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J Math Chem. Author manuscript; available in PMC 2011 January 1.

Published in final edited form as:

J Math Chem. 2010 January; 47(1): 219–228.

PMCID: PMC2871707

NIHMSID: NIHMS187198

Matthew Hudelson, Department of Mathematics, Washington State University, P.O. Box 3113, Pullman, WA 99164, USA ; Email: ude.usw@nosleduhm;

We expand on the work of Hosoya to describe a generalization of continued fractions called “tree expressions.” Each rooted tree will be shown to correspond to a unique tree expression which can be evaluated as a rational number (not necessarily in lowest terms) whose numerator is equal to the Hosoya index of the entire tree and whose denominator is equal to the tree with the root deleted. In the development, we use *Z*(*G*) to define a natural candidate ζ(*G, v*) for a “vertex topological index” which is a value applied to each vertex of a graph, rather than a value assigned to the graph overall. Finally, we generalize the notion of tree expression to “labeled tree expressions” that correspond to labeled trees and show that such expressions can be evaluated as quotients of determinants of matrices that resemble adjacency matrices.

In 1971, Hosoya inaugurated the study of topological descriptors of graphs in connection with chemical properties. In his initial work, he demonstrated that the number of ways to partition the set of atoms of an alkane into singletons or bonded pairs—a “matching” of the underlying graph in more modern terminology—is highly correlated to the boiling point of the alkane [3]. Hosoya dubbed the number of matchings *Z*(*G*) of the graph *G* its “topological index” Among Hosoya’s early observations is the well-known fact that *Z*(*P _{n}*) =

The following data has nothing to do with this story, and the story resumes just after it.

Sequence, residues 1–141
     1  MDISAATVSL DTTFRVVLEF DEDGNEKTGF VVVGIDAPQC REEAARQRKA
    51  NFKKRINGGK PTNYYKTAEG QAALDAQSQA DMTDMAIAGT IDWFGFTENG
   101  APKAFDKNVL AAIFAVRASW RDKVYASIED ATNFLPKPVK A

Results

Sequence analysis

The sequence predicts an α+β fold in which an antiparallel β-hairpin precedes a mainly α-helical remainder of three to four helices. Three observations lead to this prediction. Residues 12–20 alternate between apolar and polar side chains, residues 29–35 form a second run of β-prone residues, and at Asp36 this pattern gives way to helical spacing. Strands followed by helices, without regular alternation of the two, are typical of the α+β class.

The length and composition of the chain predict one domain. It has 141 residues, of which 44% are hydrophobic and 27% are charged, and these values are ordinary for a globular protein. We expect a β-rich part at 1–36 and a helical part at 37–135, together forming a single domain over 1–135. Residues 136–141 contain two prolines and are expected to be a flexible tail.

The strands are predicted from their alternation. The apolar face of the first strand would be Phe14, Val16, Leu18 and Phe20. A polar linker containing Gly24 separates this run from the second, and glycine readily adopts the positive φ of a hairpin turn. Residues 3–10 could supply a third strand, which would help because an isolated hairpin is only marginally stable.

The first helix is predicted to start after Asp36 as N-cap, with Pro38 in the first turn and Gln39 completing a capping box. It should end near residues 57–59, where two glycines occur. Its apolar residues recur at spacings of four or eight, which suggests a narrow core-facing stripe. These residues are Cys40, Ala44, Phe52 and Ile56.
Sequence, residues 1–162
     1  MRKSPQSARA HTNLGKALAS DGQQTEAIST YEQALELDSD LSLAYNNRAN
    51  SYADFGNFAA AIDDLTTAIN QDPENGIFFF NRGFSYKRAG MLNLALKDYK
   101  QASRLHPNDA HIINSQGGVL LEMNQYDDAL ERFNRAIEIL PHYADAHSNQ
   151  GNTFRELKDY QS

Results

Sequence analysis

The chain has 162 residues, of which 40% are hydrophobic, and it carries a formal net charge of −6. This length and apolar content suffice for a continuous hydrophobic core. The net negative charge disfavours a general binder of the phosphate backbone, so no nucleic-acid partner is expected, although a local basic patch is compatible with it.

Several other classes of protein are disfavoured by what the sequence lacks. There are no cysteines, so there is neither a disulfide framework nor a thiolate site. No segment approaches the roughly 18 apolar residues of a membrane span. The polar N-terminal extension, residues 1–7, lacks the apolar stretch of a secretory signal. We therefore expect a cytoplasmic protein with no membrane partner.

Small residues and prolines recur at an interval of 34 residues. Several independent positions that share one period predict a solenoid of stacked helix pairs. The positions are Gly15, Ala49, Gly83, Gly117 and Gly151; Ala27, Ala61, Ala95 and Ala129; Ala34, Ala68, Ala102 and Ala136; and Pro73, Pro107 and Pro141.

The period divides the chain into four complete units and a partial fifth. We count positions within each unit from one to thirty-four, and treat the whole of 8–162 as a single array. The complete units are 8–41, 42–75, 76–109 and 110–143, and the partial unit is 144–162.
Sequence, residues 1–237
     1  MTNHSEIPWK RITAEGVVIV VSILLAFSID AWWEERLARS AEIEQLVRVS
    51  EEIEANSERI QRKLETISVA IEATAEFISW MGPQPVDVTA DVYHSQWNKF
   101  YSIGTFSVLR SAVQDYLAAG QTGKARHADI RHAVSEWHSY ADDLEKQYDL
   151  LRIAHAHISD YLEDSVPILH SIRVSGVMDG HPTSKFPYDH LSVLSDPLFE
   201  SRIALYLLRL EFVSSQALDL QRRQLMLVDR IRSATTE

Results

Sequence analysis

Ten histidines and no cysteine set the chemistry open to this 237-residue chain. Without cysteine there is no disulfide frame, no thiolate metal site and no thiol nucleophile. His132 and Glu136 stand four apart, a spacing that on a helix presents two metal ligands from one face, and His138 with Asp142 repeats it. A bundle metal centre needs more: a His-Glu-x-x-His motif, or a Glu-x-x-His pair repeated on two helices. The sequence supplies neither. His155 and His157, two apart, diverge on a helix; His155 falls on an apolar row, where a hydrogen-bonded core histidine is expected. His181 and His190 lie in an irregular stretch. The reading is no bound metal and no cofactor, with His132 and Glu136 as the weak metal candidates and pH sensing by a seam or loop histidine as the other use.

For our note, we begin with the observation (made by Hosoya himself and many others) that Hosoya’s index can be computed recursively on a graph *G* by letting *u* by any vertex and

$$Z(G)=Z(G-u)+{\displaystyle \sum _{v\in N(u)}Z((G-u)-v)}$$

(1)

where *N* (*u*) is the set of vertices adjacent to *u*. Of course to supply initial conditions for the recurrence, we have *Z*(*G*) = 1 if *G* is a graph with no edges; this is consistent with the definition of *Z* as the number of matchings of *G*. We then perform the simple step of dividing both sides of Eq. 1 by *Z*(*G* − *u*), obtaining

$$\frac{Z(G)}{Z(G-u)}=1+{\displaystyle \sum _{v\in N(u)}\frac{Z((G-u)-v)}{Z(G-u)}}.$$

We define the “vertex topological index”

$$\zeta (G,v)=\frac{Z(G)}{Z(G-u)}$$

and obtain at once a recurrence for ζ:

$$\zeta (G,u)=1+{\displaystyle \sum _{v\in N(u)}\frac{1}{\zeta (G-u,v)}}$$

(2)

with initial condition ζ(*G, u*) = 1 if *u* has no neighbors in *G*.

Hosoya [8] observes that if *G* has several components *C*_{1}, *C*_{2},…,*C _{k}* then

$$Z(G)=Z({C}_{1})Z({C}_{2})\cdots Z({C}_{k}).$$

(3)

This is easy to see as the matchings are independent among the components. From this, we see that if *C*_{1} is the component that contains *u*, then

$$\begin{array}{cc}\zeta (G,u)\hfill & =\frac{Z(G)}{Z(G-u)}\hfill \\ \hfill & =\frac{Z({C}_{1})Z({C}_{2})\cdots Z({C}_{k})}{Z({C}_{1}-u)Z({C}_{2})\cdots Z({C}_{k})}\hfill \\ \hfill & =\frac{Z({C}_{1})}{Z({C}_{1}-u)}\hfill \\ \hfill & =\zeta ({C}_{1},u).\hfill \end{array}$$

(4)

We now restrict our attention to the case where *T* is a tree with root *r*. Letting *r*_{1}, *r*_{2}, …, *r _{k}* be the neighbors of

*Given a tree T with root r as well as T _{i} and r_{i} as defined above*,

$$\zeta (T,r)=1+{\displaystyle \sum _{i}\frac{1}{\zeta ({T}_{i},{r}_{i})}}.$$

(5)

The initial condition for this recurrence is the single-vertex tree *T* = *r* and we already have ζ(*r, r*) = 1. Alternatively, we could note that *r* would have no neighbors and the sum in Eq. 4 would be empty.

Any rooted tree (*T, r*) can now be associated with a “tree expression” τ (*T, r*) as generated by the conclusion of Theorem 1. For instance, the tree expression for a five-vertex path *P*_{5} rooted at the central vertex *v*_{3} would be

$$\tau ({P}_{5},{v}_{3})=1+\frac{1}{1+\frac{1}{1}}+\frac{1}{1+\frac{1}{1}}.$$

More formally, we define a “tree expression” τ and associated rooted tree by the following recursive recipe:

- The value 1 is a tree expression associated with the single-vertex tree, i.e., τ(
*r, r*) = 1. - If τ